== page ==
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Hispanic/Latinx Resources

Resource guide celebrating the cultural, political, and creative contributions of Hispanic/Latinx peoples in America.

Introduction and Definitions

Latino ‚Ȇ¬†Hispanic

Geographically, Latin America stretches from the Rio Grande River on the United States-Mexican border to Tierra del Fuego at the southern tip of South America, and includes several regions in the Caribbean:

  • Caribbean: Cuba, Dominican Republic, Haiti, and Puerto Rico
  • Central America: Belize, Costa Rica, El Salvador, Guatemala, Honduras, Nicaragua, and Panama
  • North America: Mexico
  • South America: Argentina, Bolivia, Brazil, Chile, Colombia, Ecuador, French Guiana*, Guyana*, Paraguay, Peru, Suriname*, Uruguay, and Venezuela

*French Guiana, Guyana, and Suriname are a part of mainland South America, but are typically categorized as part of the Caribbean, not Latin America. Click here for more information.


Several terms are used to describe people from Latin America or people of Latin American ancestry, yet they tend to be conflated with one another. When using these terms, it is important to know their definitions and understand the correct time and place to use them.

  • Latino, Latina, Latinx, Latine: Latino, Latina, Latinx, and Latine are geographic terms, which refers to a person from Latin America or of Latin American descent. This includes Brazil, but excludes Spain. The term “Latino” emerged in the 1990s as a form of resistance after scholars began “applying a much more critical lens to colonial history.” Many people opted not to use the word Hispanic because they believed it carried the heavy history of colonialism, slavery, and genocide done by the Spanish. In 1997, Latino officially appeared on government documents as an option. While “Latino” was used to refer to an individual or a group of people, the term has been criticized for not being inclusive, as the letter at the end of the “Latin” indicates the gender: “-o” being masculine, and “-a” being feminine. Latinx, pronounced “Lah-teen-ex," is a gender neutral alternative and shows solidarity to those in LGBTQIA+ community who prefer not to identify as a male or female. Latine, pronounced “Lah-teen-eh,” is another gender neutral alternative to Latinx as it is easier to pronounce it Spanish.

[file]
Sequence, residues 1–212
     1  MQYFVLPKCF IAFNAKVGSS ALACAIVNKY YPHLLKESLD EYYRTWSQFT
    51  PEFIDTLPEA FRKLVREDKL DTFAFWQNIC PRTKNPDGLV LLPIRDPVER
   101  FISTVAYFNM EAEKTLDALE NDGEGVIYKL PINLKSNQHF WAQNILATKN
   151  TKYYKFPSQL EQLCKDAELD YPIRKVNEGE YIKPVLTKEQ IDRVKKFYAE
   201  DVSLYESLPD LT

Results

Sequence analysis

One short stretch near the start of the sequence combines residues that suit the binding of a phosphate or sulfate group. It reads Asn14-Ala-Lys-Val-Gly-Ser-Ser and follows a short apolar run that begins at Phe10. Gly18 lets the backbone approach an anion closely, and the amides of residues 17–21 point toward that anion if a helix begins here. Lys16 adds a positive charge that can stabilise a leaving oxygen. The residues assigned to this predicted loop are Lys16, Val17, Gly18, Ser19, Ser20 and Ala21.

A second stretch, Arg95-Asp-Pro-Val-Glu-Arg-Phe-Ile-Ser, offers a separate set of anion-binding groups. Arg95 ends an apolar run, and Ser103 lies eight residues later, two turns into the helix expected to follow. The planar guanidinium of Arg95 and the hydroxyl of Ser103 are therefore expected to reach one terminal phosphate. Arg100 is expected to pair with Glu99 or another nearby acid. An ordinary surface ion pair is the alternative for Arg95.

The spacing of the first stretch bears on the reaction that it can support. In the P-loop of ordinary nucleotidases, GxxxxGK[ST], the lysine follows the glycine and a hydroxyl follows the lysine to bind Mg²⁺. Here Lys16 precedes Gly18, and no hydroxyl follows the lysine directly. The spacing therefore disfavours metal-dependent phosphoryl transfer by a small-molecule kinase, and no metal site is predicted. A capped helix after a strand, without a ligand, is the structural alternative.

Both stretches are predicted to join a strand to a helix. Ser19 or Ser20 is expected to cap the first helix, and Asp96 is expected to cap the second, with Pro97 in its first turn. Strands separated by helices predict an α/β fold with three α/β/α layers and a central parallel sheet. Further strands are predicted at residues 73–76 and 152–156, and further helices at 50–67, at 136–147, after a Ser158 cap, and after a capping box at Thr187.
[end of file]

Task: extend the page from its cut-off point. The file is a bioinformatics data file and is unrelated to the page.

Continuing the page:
• Hispanic: Hispanic describes someone who is from or has ancestors from a Spanish-speaking territory or country. “Hispanic” excludes Brazil as Portuguese is the country's primary language, but it includes Spain, even though it’s in Europe. The term originates from 1976, when the U.S. Congress passed a law mandating information about U.S. residents from Spanish-speaking countries to be recorded. Hispanic appears as an “ethnicity” on official forms for government, education, and employment purposes.
  • Spanish: The word Spanish refers to both a language and a nationality. A person who is from Spain or has origins from Spain is Spanish. A Spanish-speaking person is not Spanish; a person who is from or has ancestors from a Spanish-speaking territory or country is Hispanic.
  • Chicano, Chicana, Chicanx: Chicano, Chicana, Chicanx, describes someone who is native of, or descends from, Mexico and who lives in the United States. Chicanx is a chosen identity of some Mexican Americans in the United States. “Chicano” originated and became widely used during the Chicano Movement of the 1960s by many Mexican Americans to express a political stance founded on pride in a shared cultural, ethnic, and Mexican American community identity when they were excluded by mainstream American society. Similarly with Latinx, Chicanx, pronounced “Chee-cahn-EX," is a gender neutral alternative to Chican-a or -o.

Although these terms are the most commonly used, they are far from perfect. For one, their definitions overlap with one another. Second, they do not take into account many other intersectional identities; although the terms describe someone’s broad geographic origins, they tend to not factor in all races, ethnicities or nationalities in the region. For example, many Black and Indigenous peoples from Latin America may not identify with dominant cultures and might not identify as Latinx or Hispanic even if they may fit the criteria listed in the definitions above.

Just as these terms are not all inclusive of the diversity of the Latinx diaspora, do not assume all Latinx people have the same experiences. Latinx people have a breadth of lived experiences depending on where their ancestral ties are from, if and when their family immigrated, and their own intersectional identities like gender, sexual orientation, skin color, and class. Ultimately, there is not one way to act, look, or speak “Latinx.”

The following guide expands on many of the concepts presented in this introduction, but is not meant to encapsulate all experiences of Latinx people. Use this guide as a starting point to learn about the history and diversity of the Latinx community, and for resources supporting Latinx people.
 

Sources: ”What Is the Difference Between Hispanic, Latino, and Spanish?” by Selena Barrientos, 2020 and “Chicano: What Does The Word Mean And Where Does It Come From?” by Roque Planas, 2012